CREDIT: AP Photo/Kiichiro Sato, File
At the end of April, an execution in Oklahoma that went horribly wrong — leaving inmate Clayton Lockett writhing in apparent pain before he eventually died of a massive heart attack — sparked a national debate about the ethics of the death penalty. The media attention has largely been focused on the fact that Oklahoma used a secret combination of untested drugs in its lethal injections. But according to an independent autopsy report commissioned by Lockett’s attorneys, an ineffective cocktail of lethal drugs wasn’t necessarily the biggest problem that night.
In fact, the IV pumping the drugs into Lockett’s body was improperly placed by individuals who may not have been trained about how to insert it correctly.
The preliminary findings by forensic pathologist Dr. Joseph Cohen report that there were “skin punctures on the extremities and right and left femoral areas” of Lockett’s body, which means that the execution team made several failed attempts to place the IV in Lockett’s groin area. Eventually, they did manage to place the IV, but the autopsy report says it only “nicked” Lockett’s femoral vein. So the lethal drugs were actually absorbed into his muscle.
Right after the botched execution, state officials claimed that Lockett’s veins “blew out,” suggesting that he may have had weak veins that were susceptible to collapsing. But the pathologist’s report disputes that, finding that Lockett actually had perfectly healthy veins. In reality, it was the IV itself that was the source of the problem.
Cohen’s autopsy report lends even more credence to the argument that lethal injections can quickly go wrong when trained medical professionals aren’t performing them. That’s an increasing issue with the way this country puts inmates to death.
Because the American Medical Association, the American Public Health Association, the American Board of Anesthesiology, and the American Nurses Association all prohibit their members from assisting in executions, saying it violates their code of medical ethics, there aren’t always qualified people in the room when inmates are being prepared for lethal injection. And that can lead to situations like the one in Oklahoma, where prison employees struggle for nearly an hour to find a vein.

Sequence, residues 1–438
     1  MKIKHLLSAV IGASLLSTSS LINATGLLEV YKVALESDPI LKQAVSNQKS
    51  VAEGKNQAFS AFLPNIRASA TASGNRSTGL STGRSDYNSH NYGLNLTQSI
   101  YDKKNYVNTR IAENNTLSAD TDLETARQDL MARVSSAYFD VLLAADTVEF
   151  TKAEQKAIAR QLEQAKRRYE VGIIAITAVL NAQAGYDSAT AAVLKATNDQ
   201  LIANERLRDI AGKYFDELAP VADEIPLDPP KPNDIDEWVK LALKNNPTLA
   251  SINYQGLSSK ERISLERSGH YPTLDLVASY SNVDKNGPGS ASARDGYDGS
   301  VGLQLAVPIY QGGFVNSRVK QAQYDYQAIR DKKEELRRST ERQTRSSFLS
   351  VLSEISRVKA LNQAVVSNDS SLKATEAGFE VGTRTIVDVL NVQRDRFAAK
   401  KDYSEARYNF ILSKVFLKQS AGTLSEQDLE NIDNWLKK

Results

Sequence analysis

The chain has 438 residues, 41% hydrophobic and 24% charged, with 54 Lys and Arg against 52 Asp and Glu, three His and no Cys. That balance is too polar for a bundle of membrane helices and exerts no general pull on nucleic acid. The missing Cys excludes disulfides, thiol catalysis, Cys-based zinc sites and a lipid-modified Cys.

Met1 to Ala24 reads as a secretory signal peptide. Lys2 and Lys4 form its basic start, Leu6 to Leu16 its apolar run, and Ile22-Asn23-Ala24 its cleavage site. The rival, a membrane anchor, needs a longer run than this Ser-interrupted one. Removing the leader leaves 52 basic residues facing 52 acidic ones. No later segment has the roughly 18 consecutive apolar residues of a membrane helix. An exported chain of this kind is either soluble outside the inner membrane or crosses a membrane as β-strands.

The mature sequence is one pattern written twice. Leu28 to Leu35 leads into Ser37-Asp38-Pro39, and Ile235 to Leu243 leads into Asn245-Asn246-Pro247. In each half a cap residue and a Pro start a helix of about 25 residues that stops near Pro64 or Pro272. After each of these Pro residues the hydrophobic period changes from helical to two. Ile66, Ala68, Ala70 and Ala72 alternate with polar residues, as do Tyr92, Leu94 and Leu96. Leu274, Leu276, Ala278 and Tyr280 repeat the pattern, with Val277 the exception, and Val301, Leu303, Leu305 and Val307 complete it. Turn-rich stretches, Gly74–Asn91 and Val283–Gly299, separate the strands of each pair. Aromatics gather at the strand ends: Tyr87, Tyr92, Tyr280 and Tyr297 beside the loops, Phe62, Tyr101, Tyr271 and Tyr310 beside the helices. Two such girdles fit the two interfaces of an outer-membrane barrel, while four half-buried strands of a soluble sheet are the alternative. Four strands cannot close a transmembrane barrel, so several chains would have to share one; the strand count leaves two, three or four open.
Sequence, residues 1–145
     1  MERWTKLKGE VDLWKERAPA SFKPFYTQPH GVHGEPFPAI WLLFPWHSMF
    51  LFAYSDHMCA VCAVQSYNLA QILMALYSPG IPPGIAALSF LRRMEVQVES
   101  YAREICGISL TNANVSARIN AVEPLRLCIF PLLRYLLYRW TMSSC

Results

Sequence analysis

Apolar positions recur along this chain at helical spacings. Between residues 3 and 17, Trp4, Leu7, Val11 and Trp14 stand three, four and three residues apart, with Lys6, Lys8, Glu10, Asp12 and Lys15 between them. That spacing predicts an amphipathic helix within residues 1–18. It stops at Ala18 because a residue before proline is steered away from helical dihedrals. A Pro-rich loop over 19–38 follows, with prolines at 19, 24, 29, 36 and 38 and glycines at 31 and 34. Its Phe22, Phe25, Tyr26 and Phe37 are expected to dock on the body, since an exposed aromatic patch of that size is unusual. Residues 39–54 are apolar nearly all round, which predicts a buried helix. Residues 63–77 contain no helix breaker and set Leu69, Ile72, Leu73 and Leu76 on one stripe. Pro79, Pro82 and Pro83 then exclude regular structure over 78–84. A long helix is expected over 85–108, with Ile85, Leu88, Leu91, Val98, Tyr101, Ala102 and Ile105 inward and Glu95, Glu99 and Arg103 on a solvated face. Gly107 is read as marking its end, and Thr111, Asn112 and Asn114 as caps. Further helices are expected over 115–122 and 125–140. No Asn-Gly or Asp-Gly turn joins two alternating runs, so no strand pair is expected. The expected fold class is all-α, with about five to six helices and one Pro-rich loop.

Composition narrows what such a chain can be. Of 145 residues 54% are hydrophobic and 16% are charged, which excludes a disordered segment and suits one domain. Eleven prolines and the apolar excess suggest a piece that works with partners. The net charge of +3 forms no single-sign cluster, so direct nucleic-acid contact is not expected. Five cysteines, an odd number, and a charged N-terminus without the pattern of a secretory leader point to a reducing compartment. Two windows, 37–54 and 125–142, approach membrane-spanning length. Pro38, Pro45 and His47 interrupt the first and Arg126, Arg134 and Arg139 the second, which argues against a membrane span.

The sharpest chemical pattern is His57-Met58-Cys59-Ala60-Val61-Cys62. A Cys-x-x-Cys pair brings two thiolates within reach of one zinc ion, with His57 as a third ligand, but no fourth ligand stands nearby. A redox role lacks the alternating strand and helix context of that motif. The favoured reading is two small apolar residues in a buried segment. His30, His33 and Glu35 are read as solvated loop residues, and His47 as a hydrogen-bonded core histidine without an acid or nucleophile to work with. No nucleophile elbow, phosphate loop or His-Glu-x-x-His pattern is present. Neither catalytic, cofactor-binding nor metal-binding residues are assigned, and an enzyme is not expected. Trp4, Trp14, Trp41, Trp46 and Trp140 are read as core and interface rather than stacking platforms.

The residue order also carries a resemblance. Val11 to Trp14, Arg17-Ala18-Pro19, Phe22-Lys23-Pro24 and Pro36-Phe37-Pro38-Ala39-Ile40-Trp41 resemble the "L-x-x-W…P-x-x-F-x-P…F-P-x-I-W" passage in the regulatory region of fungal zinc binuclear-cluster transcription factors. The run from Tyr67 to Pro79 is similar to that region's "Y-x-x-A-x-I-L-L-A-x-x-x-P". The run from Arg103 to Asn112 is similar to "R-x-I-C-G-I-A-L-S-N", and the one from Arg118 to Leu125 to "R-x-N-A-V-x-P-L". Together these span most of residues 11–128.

Oklahoma law stipulates that lethal injections require a “licensed/certified health care specialist in IV insertion.” But the official documents from the Department of Corrections state that a “phlebotomist” — an individual who is unlicensed, unregulated, and not specifically trained to insert IVs, at least in Oklahoma — was in charge of preparing Lockett for execution. After the Tulsa World investigated further to try to figure out exactly who was in charge of Lockett’s IV, state officials said it was actually an EMT.
This is a persistent problem with lethal injections across the country. Although a sterilized process of using a needle may give the impression that lethal injection is a more humane option for ending a life, there’s increasing evidence that it isn’t necessarily quick and painless. At least 13 executions have been botched since 2000 specifically because state officials could not immediately locate inmates’ veins. In fact, one review of executions between 1890 and 2010 found that lethal injections actually have the highest error rate of any method of killing a condemned person.
Some medical professionals have actually begun to advocate for alternate forms of execution that don’t require as much help from trained doctors and are therefore harder to mess up. Oklahoma lawmakers appear to be on board with that idea, too. One state legislator, Rep. Mike Christian (R), is already pushing for the return of firing squads, hangings, and the electric chair. Christian would also settle for even more gruesome options — he recently said that he doesn’t care if death row inmates are fed to lions.